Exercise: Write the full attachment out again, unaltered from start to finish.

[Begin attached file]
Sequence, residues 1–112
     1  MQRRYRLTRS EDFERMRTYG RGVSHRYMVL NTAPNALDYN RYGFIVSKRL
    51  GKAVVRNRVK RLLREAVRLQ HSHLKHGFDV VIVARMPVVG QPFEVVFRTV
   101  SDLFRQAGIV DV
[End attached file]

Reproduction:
Sequence, residues 1–112
     1  MQRRYRLTRS EDFERMRTYG RGVSHRYMVL NTAPNALDYN RYGFIVSKRL
    51  GKAVVRNRVK RLLREAVRLQ HSHLKHGFDV VIVARMPVVG QPFEVVFRTV
   101  SDLFRQAGIV DV